Traffic laws in Luxembourg
Luxembourg is known for its high-quality roads and a network of motorways that are toll-free. Passing must be done on the left. Hands-free mobile phone use is allowed. Driver and all passengers must wear seatbelts. Stop and yield signs are rarer in Luxembourg than in other countries. Horns are only used in emergency situations.
Traffic laws in the Netherlands
The rules here are pretty standard: Passing must be done on the left; mobile phone use is allowed only with a hands-free device — just holding a phone, even if it’s not being used, is illegal. The driver and all passengers must wear seatbelts. Drivers should be aware of cyclists, and know that two cyclists can ride abreast of each other. Vehicles coming from the right have priority, and buses have priority when pulling out. Trams have priority, except where noted.
Traffic laws in Portugal
Portugal is considered by many to be one of the more difficult countries to drive in, and its high rate of accidents supports that notion.
Passing on the right can result in a fine of €1,000. On motorways with three lanes, the center lane is for passing. Failing to stop at a stop sign also can lead to a high fine. All mobile phone use is punishable with a fine of €600. Keep in mind that fines can be collected on the spot.
Drivers also are required to have a reflective jacket and a warning triangle, both of which are to be used in the case of a breakdown. Know that the roads in Portugal are not well-lit, and drivers of motorized vehicles share the road with other users.
Traffic laws in Russia
Expats in Russia often find driving in the city a major factor as they adjust to life in their new home. Russian roads are big and busy, and there is heavy traffic congestion. Keep calm in traffic; Russian drivers are used to bad traffic, and tend not to get frustrated with it. It’s common to see people eating, putting on makeup, reading, using their phones, and even flirting while stuck in traffic.
Some laws to be aware of are that drivers must be at least 18 years old. Crossing a double white line is prohibited. Turning right on a red light isn’t permitted without a green arrow light. It is illegal to pick up hitchhikers. Driving a dirty car, especially when the license plate is covered by mud, can result in a fine.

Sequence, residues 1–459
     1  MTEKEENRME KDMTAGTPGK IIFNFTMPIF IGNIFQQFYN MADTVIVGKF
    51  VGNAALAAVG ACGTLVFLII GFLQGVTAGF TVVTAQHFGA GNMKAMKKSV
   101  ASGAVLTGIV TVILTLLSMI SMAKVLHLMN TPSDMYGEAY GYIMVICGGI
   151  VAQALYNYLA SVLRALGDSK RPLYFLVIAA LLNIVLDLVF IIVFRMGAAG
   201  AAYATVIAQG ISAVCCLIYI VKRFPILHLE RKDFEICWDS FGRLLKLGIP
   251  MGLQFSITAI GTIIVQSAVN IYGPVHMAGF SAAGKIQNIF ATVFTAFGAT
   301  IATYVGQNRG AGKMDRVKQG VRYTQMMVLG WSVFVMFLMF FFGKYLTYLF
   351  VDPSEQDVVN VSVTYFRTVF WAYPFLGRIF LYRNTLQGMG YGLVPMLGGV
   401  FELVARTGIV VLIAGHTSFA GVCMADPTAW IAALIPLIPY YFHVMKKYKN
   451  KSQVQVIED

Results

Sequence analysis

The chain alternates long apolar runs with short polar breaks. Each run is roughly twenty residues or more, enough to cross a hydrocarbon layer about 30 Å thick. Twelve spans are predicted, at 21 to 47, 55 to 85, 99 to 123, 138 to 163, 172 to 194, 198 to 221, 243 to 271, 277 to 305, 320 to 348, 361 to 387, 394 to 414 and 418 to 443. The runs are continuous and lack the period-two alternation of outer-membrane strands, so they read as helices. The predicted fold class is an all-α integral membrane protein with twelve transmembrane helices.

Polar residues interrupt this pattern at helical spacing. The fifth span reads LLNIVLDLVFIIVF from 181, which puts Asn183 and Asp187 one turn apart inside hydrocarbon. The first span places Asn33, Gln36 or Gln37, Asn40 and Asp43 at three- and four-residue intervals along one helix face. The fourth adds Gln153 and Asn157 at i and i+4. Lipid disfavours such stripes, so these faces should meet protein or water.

Traffic laws in Spain
Drivers in Spain must have two approved red warning triangles in the event of an accident, in addition to reflective jackets that must be worn by anyone outside the vehicle on the side of any highway. Jackets should be kept in the car, not the trunk, so that they can be put on before getting out of the car. These jackets are readily available in stores. Drivers who wear glasses must have a spare pair.
In some Spanish cities, parking is allowed on one side of the road, and the side parking is permitted, changes from day to day. All mobile phone use is prohibited, and passing must be done on the left in most cases. Spain also has very strict drinking and driving laws.
Traffic laws in Switzerland
Switzerland has a reputation for quality roads, and its laws are pretty basic. The most important thing to be aware of is that use of toll roads requires a sticker, known as a vignette. They cost CHF 40 and allow drivers unlimited use of toll roads. Keep in mind that a vignette is required even if you’ll be driving only once on one toll road.
Switzerland requires that cars have a warning triangle to display in case of an accident. Drivers who need to wear prescription glasses are required to have a spare pair in the car as well. Mobile phone use is forbidden and all passengers are required to wear seat belts. Fines can be given on the spot.
Traffic laws in the United Kingdom
The big rule here, which can be an adjustment for many drivers, is that driving is done on the left side of the road, with passing done on the right. Other driving laws are fairly basic. Other examples of laws include never turning on a red light, and not blocking a central reservation at a junction, even if you have a green light. Roundabouts are common on British roads. Cell phone use while driving is prohibited, and the driver and all passengers must wear seat belts. Horn use is forbidden in urban areas overnight between 23:30 and 7:00.
Other helpful resources include:
- Fodor’s Travel offers tips about driving and renting cars in Europe.
- Slideshow from Travel + Leisure: Tips for driving in Europe.
Insurance under European traffic laws
While understanding European traffic laws, it’s important to have borderless coverage. In addition to physical damage and third party liability, make sure you are covered against political violence and other catastrophes. Clements Worldwide provides comprehensive international car insurance across 170 countries with worldwide liability protection. You can easily obtain a quick quote for car insurance.